- The Washington Times - Wednesday, February 12, 2003

WASHINGTON, Feb. 12 (UPI) — President George W. Bush took his embattled 10-year, $674 billion economic growth proposal to small investors Wednesday and said accelerated tax cuts and elimination of double dividend taxation would help create jobs and strengthen its economic prospects.

Putting more money back into the hands of taxpayers and trusting them to spend and invest it wisely, he said, would lead to business expansion to meet new demand for goods and services — and that would spell jobs.

The president's remarks cheerleading his plan came in the wake of Federal Reserve Chairman Alan Greenspan's negative comments on the president's proposal during testimony before Congress on Tuesday.

Greenspan in essence said there should be no cutting of taxes until the situation of impending war with Iraq is resolved.

Bush's plan should not be passed now unless the government's loss of tax revenue — Bush estimates $50 billion would go back to taxpayers this year — is offset through other tax-garnering measures.

The White House estimates that about $50 billion would go back to taxpayers this year alone if the proposal is passed.

Bush, speaking to about 100 people at the Society of Human Resource Management in Alexandria, Va., did not comment on Greenspan's remarks.

America, Bush conceded, however, does face economic challenges.

"Here at home, we got a challenge with our economy," Bush said.

"Frankly, it's not strong enough. It is not robust enough. Any time somebody's looking for a job and can't find one means we've got to work together to create jobs.

"Now the role of government is not to create wealth," he added. "The role of government's to create an environment in which the entrepreneurial spirit can flourish, in which people are encouraged to invest and save, in which there's confidence in the future of the country. And that's what we're here to discuss today."

Bush's plan has been savaged by many economists and Democrats as growing the national budget deficit and for falling short on stimulating a sluggish economy.

They also charge that it benefits wealthier taxpayers more than average citizens.

Greenspan's cold shoulder was a blow to the president and new ammunition to Democrats.

" … There has now been a $7 trillion swing in the last 24 months between what the projected (budget) surplus was two years ago to what now the projected deficit will be if the president's plans are enacted — $7 trillion," Senate Minority Leader Tom Daschle, D-S.D., said Wednesday. "Four trillion of that are tax cuts — is tax cuts. So it is a dismaying demonstration of irresponsibility.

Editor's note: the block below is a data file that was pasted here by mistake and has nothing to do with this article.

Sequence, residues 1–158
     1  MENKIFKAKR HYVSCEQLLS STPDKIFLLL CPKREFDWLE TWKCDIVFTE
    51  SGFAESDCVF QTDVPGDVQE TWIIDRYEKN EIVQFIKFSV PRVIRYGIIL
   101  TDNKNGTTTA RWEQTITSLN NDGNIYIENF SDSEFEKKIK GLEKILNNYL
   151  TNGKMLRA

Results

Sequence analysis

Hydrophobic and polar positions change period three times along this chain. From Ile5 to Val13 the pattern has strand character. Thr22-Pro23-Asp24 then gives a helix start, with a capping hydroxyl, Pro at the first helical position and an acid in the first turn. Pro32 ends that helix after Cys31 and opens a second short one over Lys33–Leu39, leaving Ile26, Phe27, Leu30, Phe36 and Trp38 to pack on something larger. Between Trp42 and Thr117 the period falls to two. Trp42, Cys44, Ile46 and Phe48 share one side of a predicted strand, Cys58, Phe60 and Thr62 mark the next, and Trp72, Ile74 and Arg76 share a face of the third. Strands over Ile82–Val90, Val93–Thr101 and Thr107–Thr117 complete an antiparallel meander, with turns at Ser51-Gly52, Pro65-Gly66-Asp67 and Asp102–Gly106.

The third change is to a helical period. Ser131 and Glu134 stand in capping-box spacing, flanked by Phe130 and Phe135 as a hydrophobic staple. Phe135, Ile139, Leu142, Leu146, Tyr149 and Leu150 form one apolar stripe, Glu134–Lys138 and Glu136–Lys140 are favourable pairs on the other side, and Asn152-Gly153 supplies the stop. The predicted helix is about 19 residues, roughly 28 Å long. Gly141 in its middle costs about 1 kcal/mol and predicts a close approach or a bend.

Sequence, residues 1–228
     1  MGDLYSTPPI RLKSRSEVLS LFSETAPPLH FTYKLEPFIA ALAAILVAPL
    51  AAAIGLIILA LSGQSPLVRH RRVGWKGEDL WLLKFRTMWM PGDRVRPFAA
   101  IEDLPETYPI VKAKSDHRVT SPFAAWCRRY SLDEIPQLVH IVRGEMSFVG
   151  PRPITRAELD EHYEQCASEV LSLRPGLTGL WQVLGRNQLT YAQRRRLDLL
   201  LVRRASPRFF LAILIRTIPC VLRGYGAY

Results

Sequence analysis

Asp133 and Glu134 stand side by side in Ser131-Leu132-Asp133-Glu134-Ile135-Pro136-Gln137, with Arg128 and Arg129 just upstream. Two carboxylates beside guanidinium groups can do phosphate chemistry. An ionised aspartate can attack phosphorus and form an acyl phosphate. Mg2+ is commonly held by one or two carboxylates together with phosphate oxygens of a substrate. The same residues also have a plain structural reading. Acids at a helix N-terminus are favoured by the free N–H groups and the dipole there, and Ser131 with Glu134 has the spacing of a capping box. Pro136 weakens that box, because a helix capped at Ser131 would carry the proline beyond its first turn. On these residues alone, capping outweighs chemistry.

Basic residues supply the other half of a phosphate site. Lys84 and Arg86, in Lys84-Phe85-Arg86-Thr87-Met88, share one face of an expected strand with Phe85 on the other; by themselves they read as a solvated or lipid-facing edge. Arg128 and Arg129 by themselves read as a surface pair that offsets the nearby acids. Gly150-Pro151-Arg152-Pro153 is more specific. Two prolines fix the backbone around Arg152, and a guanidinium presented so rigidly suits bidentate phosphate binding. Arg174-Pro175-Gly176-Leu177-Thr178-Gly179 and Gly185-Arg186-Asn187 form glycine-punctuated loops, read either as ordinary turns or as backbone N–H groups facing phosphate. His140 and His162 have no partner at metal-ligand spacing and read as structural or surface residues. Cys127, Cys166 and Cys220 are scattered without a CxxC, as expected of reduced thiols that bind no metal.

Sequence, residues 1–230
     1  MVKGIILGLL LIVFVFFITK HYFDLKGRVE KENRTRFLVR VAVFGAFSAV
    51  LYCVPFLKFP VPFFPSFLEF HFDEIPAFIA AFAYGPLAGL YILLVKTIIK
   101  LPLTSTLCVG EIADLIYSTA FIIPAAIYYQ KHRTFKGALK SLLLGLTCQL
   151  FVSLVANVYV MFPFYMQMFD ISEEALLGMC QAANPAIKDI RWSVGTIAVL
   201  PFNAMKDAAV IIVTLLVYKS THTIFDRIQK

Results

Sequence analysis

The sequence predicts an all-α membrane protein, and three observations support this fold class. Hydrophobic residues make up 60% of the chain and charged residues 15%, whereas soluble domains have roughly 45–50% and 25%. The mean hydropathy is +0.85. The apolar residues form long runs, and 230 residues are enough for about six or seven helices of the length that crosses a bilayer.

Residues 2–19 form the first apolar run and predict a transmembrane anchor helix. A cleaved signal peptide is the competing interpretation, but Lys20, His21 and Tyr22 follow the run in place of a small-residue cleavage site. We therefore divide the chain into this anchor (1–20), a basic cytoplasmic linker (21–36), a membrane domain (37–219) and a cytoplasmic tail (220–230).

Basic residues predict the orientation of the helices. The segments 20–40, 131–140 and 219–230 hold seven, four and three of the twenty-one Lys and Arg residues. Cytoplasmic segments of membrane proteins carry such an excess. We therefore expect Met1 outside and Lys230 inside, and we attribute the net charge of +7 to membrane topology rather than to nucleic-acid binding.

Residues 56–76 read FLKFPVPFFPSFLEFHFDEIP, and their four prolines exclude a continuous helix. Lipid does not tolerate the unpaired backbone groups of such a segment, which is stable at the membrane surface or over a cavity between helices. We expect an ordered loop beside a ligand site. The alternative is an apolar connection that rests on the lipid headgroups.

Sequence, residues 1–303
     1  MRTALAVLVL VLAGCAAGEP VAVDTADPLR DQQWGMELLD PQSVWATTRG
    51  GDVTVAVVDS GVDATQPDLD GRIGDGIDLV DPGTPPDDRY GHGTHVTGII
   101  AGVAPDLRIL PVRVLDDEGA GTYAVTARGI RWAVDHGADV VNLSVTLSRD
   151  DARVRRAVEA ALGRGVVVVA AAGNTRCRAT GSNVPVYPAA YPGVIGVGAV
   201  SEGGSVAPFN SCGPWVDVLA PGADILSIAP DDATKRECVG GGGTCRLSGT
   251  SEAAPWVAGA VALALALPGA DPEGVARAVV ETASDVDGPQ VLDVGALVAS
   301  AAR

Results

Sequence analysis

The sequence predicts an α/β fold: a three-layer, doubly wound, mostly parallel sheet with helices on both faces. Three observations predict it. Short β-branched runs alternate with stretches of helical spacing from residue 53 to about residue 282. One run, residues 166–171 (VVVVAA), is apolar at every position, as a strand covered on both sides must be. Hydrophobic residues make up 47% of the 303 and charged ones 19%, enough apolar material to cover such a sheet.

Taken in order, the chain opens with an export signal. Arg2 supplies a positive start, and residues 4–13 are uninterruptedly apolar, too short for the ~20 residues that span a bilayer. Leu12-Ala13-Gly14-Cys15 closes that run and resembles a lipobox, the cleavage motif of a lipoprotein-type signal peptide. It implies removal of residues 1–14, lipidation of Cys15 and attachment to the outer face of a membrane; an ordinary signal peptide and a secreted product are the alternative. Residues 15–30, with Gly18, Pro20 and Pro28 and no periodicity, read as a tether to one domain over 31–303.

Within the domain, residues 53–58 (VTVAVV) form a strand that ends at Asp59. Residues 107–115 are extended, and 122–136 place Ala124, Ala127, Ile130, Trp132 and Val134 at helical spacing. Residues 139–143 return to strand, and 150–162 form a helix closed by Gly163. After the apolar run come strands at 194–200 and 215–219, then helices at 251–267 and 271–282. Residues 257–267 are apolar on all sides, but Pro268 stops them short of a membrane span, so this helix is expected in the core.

"Yesterday Alan Greenspan said he wouldn't support tax cuts without an offset. I would ask this president, 'Where is your offset?'"

Daschle said 300 economists were against the president's plan, which features acceleration of cuts in 2004 and 2006 to the marriage tax penalty and increased deductions for children, passed earlier, and also make them retroactive. The White House, meanwhile, has its own list of economists who favor the plan.

On Wednesday the president crossed the Potomac River into suburban Virginia as part of his strategy to sell the program to the American people: Personalize it.

"I want to personalize the issues and get away from the Ph.D.s," he told a group of small investors in a roundtable before his address. He would put the arguments into "personal terms to get a real-life connection."

The roundtable was conducted around a rectangular-shaped table in the lobby of a Charles Schwab & Co. office in Alexandria. Schwab, who was one of the 10 people seated around the president, said only one of the participants was a client.

"We're not rich, we're average Americans," housewife and mother of two Wendy Lane told Bush.

Lane said she and her husband, an engineer with an adjusted annual income of about $93,000, live below their means and put most of their spare money into paying off their mortgage faster "because we're scared, we're scared of the market."

Bush, appearing relaxed, explained how the accelerated tax cuts would help them by putting more money into their hands for investing in the market, which would see more mature-growth companies paying dividends because of the elimination of taxation on dividends.

Tim Roberts, chief musician and one of the national tour mangers for the U.S. Navy Band, told the president he works two extra jobs to augment his pay to afford living in the Washington area.

With the accelerated tax cuts, Bush said, Roberts, who is married and has one child with another on the way, would see his annual tax bill on a total annual income of $64,000 fall by $900.

Throughout the roundtable, Bush was engaged and animated, leading the discussion from one participant to another.

"All right," he said at last. "We're going to work. Pass me your nametags. I'll sign 'em if you want."

Bush delayed his departure for a few extra minutes, happily writing notes and signing autographs for the participants' children.

The president told them he enjoyed the roundtables, which he himself noted was conducted at a rectangle, because "it's a chance for me to get outside the bubble, meet my fellow Americans."

Moments later, with roundtable participants Roberts and Joan Hanover nearby, Bush spoke his prepared remarks on the economy, but with details about the participants in the roundtable, their hopes, their needs and how he sees his plan affecting them.

In his private meeting, Bush asked participants to tell fellow investors about how the plan would help them. He also asked them to encourage others to contact their senators and representatives and urging passage of the plan.

"I'll sign a bill this year," he said.

On Thursday, the president is scheduled to travel to Florida, where he again will speak on the economy.

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